When our ten-year old vacuum sucked its last dog hair on Sunday, I went to Consumer Reports online, hit the Household Appliances link, and browsed the vacuum category under Canister. A few minutes into my search I had enough information to pick a replacement.
Household Appliances and Canister are not just an item description, they're product categories -- like multifunction printers, whitening toothpaste and hybrid automobiles. Product categories are one of those almost invisible lubricants that make commerce flow easily.
Funny thing is, if someone could actually create a product category, untold riches could come their way. After a category called Modern Indian Art was established over the last decade, individual works that once sold for hundreds or thousands of dollars then sold for hundreds of thousands and even millions of dollars.
Why are product categories so valuable?
Think about this for a second. If you know what category a potential purchase belongs in, you can quickly evaluate competitive products, know the prices charged by each and be able to read consumer and expert reviews. The category actually helps establish the value of items in it. (Without categories to organize information for you, searching for new products would be like going into the bookstore for a good mystery and, lacking a Mystery section, having to go shelf by shelf, book by book, looking for appealing titles.)
Given the influence that product categories have on the sales of goods and services, how they are created should be of great interest. So I was surprised to learn that relatively little research has been done in this field. Enter Harvard Business School professor Mukti Khaire, who with coauthor R. Daniel Wadhwani, recently wrote a paper on how product categories emerge.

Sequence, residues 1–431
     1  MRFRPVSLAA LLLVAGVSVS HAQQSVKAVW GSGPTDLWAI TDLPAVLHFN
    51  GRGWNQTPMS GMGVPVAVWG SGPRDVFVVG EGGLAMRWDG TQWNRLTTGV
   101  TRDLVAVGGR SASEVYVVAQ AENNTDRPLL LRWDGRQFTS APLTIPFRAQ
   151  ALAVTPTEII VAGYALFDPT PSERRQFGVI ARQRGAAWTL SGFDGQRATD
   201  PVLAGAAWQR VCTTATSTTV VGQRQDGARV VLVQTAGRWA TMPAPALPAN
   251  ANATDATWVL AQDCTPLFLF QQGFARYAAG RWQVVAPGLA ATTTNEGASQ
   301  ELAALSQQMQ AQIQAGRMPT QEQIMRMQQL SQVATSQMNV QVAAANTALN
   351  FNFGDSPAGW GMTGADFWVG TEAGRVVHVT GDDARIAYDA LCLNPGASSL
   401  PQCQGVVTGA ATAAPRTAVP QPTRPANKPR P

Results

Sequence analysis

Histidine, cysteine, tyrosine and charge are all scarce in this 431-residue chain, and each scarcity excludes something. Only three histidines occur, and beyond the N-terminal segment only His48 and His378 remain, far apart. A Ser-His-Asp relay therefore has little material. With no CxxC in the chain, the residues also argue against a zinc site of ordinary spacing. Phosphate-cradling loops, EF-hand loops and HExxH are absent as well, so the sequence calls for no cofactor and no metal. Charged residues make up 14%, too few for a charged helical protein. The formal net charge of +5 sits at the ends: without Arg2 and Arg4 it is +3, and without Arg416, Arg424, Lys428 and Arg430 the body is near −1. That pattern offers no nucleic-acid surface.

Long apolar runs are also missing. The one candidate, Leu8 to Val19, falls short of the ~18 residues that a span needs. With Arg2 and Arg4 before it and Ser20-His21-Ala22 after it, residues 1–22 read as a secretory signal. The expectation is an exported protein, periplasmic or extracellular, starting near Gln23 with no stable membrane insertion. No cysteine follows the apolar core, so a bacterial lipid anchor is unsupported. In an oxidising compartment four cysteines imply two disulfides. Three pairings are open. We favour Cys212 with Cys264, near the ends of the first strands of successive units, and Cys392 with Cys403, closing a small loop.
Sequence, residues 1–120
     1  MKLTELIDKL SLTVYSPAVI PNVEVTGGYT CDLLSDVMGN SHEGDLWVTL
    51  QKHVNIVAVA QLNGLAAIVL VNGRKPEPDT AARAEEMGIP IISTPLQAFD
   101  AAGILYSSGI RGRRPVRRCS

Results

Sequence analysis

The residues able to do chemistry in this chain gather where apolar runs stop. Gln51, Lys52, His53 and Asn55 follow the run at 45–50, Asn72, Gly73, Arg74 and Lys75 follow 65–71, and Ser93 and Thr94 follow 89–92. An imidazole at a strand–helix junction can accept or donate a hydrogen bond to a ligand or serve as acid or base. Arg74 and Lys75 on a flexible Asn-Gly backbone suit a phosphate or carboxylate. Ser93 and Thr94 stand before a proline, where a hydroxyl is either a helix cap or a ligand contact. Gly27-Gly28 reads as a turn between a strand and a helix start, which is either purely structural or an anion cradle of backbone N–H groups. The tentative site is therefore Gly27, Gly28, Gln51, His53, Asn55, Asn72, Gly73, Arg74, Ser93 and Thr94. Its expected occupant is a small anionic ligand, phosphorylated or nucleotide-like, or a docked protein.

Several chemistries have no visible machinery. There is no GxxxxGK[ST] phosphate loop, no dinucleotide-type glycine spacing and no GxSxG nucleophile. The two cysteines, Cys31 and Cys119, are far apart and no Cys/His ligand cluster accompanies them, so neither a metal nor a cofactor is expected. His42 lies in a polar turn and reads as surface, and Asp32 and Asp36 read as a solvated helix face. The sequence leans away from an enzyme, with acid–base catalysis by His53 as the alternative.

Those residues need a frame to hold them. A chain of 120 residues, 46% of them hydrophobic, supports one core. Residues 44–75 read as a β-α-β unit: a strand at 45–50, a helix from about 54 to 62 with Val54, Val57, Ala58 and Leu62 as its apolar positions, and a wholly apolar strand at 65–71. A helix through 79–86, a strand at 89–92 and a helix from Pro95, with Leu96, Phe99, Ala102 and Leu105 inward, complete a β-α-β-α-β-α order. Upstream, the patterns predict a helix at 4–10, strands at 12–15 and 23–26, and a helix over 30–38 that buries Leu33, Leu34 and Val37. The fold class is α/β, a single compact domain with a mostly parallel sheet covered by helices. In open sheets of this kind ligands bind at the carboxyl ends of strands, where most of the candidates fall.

Their focus was on the aforementioned Indian art scene, which until fifteen years ago was classified as ornamental art, and thus not worth much to collectors and museums. But a number of art advocates -- auction houses, academics, collectors, the artists themselves -- changed that perception by helping to define a new category that described the art and why it is distinctive and valuable.
I asked Khaire whether it was possible for someone to create a product category all by themselves? Alas, no.
"Entrepreneurs should recognize that single actors cannot generate the broad, intersubjective agreement necessary for the establishment of a new market. Rather, entrepreneurs should be cognizant of the important role played by other commercial and noncommercial actors in the ecosystem. For instance, in this case, other auction houses and the media were the commercial actors that enhanced the dissemination of a widespread understanding of modern Indian art, while noncommercial actors such as academics laid the foundations of the new market."
What entrepreneurs can do, she added, is to be aware that a category is under development and be ready to "to generate shared meanings that aid in the creation of markets by establishing the foundation for valuing goods." In other words, be ready to explain the cognitive underpinnings of why you think your work is valuable.
(Painting image courtesy sudhirpatwardhan.tripod.com)